Ty Burr's Watch List
Ty Burr's Watchcast
Classics of the New Millennium: "Paterson" (2016) with guest critic Glenn Kenny

Classics of the New Millennium: "Paterson" (2016) with guest critic Glenn Kenny

The New York Times critic and I take the Jim Jarmusch comedy about a poetic New Jersey bus driver for a ride.

If you have never seen Jim Jarmusch’s 2016 film “Paterson” (⭐ ⭐ ⭐ ⭐), now would be a very good time to watch it, with the world falling to pieces on a daily basis and your frazzled soul in need of a balm. If you’ve already seen “Paterson,” now would be a good time to watch it again. In fact, it would be entirely within the philosophy of this movie to watch it every day, as part of the cycle of quotidian events that turns like a bus driver’s steering wheel from morning to night. When I reviewed “Paterson” for the Boston Globe in January 2017 — two days before the Presidential inauguration of a certain orange-hued megalomaniac — I wrote:

“Paterson” is set in Paterson, N.J., and concerns a bus driver, played by Adam Driver, who is also named Paterson. Already you may be getting a sense of the resonant circular prayer wheel that is Jim Jarmusch’s new film.

Paterson the man is a poet — although most people don’t know it — and he takes his inspiration from the late, great William Carlos Williams, who did not live in Paterson the city (rather in nearby Rutherford) but who dedicated 12 years and five volumes to an epic poem called “Paterson.” If you pick up a copy of “Paterson” the poem, you may come across the repeated line: “Say it! No ideas but in things,” and that may be the best guide to what Jarmusch has achieved here. “Paterson” the movie is about the ordinary slipstream of our days — about all the stuff we touch but never notice — and also about life’s piercing, inexhaustible beauty when we do notice. Coming out at a time when the world seems both upside down and backward, watching this film feels like drinking from a cool, clear lake.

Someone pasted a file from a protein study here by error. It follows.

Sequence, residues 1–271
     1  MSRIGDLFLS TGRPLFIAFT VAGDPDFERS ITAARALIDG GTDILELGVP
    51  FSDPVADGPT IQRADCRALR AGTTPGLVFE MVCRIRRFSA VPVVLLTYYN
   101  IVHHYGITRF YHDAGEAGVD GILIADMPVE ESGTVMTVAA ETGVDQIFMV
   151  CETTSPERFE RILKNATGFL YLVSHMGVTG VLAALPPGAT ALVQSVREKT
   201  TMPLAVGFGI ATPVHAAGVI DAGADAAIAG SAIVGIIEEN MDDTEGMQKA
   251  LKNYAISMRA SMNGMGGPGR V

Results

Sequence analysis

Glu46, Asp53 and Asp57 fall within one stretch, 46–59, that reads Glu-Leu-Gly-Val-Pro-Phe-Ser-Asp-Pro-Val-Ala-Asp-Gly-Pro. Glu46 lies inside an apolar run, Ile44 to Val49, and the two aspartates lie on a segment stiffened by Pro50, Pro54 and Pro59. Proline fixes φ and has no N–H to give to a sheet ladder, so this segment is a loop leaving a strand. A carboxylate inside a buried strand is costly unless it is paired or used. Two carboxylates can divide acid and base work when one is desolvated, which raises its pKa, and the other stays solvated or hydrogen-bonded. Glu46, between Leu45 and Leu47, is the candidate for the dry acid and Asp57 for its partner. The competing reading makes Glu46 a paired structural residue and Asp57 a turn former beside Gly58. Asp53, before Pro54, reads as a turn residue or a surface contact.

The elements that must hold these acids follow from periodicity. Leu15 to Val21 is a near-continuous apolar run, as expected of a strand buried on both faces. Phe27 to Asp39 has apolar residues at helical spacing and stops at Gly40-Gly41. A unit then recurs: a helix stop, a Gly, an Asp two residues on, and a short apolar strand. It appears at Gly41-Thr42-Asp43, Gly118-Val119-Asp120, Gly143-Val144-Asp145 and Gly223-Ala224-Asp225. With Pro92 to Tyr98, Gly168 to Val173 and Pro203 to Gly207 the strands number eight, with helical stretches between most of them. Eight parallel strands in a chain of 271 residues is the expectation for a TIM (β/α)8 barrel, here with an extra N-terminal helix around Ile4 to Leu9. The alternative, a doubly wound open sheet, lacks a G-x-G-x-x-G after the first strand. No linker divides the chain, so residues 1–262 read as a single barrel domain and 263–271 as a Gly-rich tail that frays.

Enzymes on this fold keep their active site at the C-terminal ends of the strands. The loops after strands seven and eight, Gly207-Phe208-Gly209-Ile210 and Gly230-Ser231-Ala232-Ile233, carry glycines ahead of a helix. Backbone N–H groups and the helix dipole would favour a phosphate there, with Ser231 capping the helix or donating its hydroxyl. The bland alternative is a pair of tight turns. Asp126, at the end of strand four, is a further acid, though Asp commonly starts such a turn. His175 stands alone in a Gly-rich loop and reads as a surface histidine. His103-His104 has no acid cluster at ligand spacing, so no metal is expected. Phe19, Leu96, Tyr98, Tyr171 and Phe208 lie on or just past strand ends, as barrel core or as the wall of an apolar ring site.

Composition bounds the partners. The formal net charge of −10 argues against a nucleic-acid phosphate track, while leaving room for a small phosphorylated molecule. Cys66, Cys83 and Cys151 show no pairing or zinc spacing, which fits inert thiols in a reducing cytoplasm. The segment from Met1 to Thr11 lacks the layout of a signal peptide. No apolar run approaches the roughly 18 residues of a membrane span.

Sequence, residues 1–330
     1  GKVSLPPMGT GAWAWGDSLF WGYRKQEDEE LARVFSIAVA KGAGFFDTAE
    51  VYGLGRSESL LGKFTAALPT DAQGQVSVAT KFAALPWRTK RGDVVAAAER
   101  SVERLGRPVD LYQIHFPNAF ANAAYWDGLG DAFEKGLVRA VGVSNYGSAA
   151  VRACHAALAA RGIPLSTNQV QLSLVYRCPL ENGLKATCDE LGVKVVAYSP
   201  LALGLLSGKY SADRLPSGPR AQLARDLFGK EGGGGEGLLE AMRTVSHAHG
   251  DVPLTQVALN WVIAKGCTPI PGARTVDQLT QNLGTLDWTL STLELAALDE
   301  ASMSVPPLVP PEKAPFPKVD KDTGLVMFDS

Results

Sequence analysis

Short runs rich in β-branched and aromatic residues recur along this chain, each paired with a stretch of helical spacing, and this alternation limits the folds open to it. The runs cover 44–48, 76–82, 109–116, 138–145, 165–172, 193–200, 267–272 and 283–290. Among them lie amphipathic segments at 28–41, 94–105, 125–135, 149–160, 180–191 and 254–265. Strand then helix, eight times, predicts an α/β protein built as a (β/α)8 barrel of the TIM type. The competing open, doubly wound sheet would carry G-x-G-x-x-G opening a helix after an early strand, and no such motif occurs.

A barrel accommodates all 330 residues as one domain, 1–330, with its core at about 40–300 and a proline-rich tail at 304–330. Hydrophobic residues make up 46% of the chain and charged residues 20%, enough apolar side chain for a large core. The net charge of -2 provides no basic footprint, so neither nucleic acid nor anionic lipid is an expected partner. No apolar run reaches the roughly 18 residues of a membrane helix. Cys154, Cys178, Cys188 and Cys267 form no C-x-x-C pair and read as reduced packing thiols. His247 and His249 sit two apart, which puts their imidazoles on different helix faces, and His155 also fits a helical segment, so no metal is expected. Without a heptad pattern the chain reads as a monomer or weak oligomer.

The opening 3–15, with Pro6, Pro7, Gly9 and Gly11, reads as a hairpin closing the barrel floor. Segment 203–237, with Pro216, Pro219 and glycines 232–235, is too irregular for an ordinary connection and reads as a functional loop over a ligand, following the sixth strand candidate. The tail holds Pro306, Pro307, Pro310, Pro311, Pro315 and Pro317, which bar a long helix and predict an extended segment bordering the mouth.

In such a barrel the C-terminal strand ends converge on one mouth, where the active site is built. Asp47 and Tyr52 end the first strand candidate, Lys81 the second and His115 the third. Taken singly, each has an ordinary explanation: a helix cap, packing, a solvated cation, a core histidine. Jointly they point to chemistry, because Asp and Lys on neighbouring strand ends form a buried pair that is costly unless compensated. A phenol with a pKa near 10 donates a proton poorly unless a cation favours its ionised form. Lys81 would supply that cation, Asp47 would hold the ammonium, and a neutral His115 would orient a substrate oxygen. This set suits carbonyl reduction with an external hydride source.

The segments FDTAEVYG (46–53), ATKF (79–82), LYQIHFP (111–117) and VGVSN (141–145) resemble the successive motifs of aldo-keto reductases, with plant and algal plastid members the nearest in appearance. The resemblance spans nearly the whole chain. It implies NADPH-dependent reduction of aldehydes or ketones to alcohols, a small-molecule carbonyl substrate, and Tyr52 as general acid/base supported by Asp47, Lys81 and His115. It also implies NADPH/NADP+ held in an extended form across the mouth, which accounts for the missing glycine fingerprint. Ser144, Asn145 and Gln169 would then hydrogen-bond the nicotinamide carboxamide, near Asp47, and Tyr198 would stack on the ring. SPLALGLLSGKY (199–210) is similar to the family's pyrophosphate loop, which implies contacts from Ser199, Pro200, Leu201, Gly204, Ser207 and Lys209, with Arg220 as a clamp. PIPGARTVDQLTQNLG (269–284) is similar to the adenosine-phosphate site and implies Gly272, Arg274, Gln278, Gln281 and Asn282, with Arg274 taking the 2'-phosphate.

So maybe there’s never a time when the movie is not necessary. To talk about “Paterson,” I enlisted my old friend Glenn Kenny, who currently reviews films for the New York Times and RogerEbert.com, was one of the tent-poles of the sorely missed movie magazine “Premiere,” has written an excellent book on “Goodfellas,” and pens one of the more erudite movie blogs out there, “Some Came Running.” Glenn brings a wealth of knowledge about Paterson the city — he went to college there — and I bring an obsessive interest in Jarmusch the semi-intentional Zen filmmaker, which this particular movie (and “Broken Flowers”) (and “Dead Man”) (and “Ghost Dog: Way of the Samurai”) go a long way to making a case for.

You can stream “Paterson” on Amazon Prime or, with ads, on Amazon’s Freevee service. This podcast is also available in video form, with film clips, at the Watch List YouTube channel. I do hope you enjoy the discussion.

Thanks for listening! Have any thoughts? Want to suggest a movie for this series? Don’t hesitate to weigh in.

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Ty Burr's Watch List
Ty Burr's Watchcast
Lively, provocative conversations about movies and popular culture with former Boston Globe/ Entertainment Weekly film critic Ty Burr and friends.